Definition of Center of flotation
1. Noun. The center of gravity of a floating object.
Center Of Flotation Pictures
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Lexicographical Neighbors of Center Of Flotation
Literary usage of Center of flotation
Below you will find example usage of this term as found in modern and/or classical literature:
1. Naval Construction by Richard Hallett Meredith Robinson, United States Naval Academy (1914)
"The point of contact of the trunnion with the water surface will then be the " center of flotation" and point of support. This point has its instantaneous ..."
2. The Merchants' Magazine and Commercial Review by Isaac Smith Homans, William Buck Dana (1860)
"Again, in adopting the cylindrical form for the center or containing part of the vessel, the center of gravity fell below the center of flotation, ..."
3. Technology Quarterly and Proceedings of the Society of Arts by Massachusetts Institute of Technology, Society of Arts (1893)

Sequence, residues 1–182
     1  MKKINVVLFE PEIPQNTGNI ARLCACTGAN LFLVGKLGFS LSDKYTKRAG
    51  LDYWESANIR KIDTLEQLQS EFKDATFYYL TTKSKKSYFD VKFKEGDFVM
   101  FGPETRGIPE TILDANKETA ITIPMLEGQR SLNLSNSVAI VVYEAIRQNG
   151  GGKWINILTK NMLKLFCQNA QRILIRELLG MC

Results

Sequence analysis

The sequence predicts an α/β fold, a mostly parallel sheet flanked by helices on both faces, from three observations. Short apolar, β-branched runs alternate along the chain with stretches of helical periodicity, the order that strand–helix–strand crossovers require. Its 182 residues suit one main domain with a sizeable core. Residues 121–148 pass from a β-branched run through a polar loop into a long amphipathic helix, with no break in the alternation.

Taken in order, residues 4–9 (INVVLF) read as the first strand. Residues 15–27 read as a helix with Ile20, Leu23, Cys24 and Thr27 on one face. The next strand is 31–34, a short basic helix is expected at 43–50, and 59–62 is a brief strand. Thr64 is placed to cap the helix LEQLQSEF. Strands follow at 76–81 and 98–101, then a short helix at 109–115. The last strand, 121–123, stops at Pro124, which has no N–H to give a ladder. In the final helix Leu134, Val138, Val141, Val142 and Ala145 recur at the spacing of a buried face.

"... metacenter, and center of flotation of ships for all tranverse inclinations under certain assumed conditions. When this work is finished the students ..."
4. The Design of Masonry Structures and Foundations by Clement Clarence Williams (1922)
"The position of the center of gravity and the center of flotation must be calculated and arranged with the former well below the latter and directly under ..."
5. Technology Quarterly by Massachusetts Institute of Technology (1893)
"Calculations for and construction of the loci of the center of buoyancy, metacenter, and center of flotation of ships for all tranverse inclinations under ..."
6. Contributions from the Mount Wilson Observatory by Mount Wilson Observatory, Carnegie Institution of Washington (1908)
"The mounting is so designed that the center of weight of the moving parts is vertically above the center of flotation. The large worm.gear for the diurnal ..."
7. Military Geography for Professionals and the Public by John M. Collins (2000)
"... Lloyd's Register Ships underway tip up, down, and sideways around the center of flotation, which seldom coincides with centers of gravity or buoyancy. ..."
8. Naval Construction Prepared for the Use of the Midshipmen of the United by Richard Hallett Meredith Robinson (1906)
"The tons per inch is 20; length, 300 feet; center of flotation, 12 feet abaft the middle of length; moment to change trim 1 inch, 320 foot-tons. ..."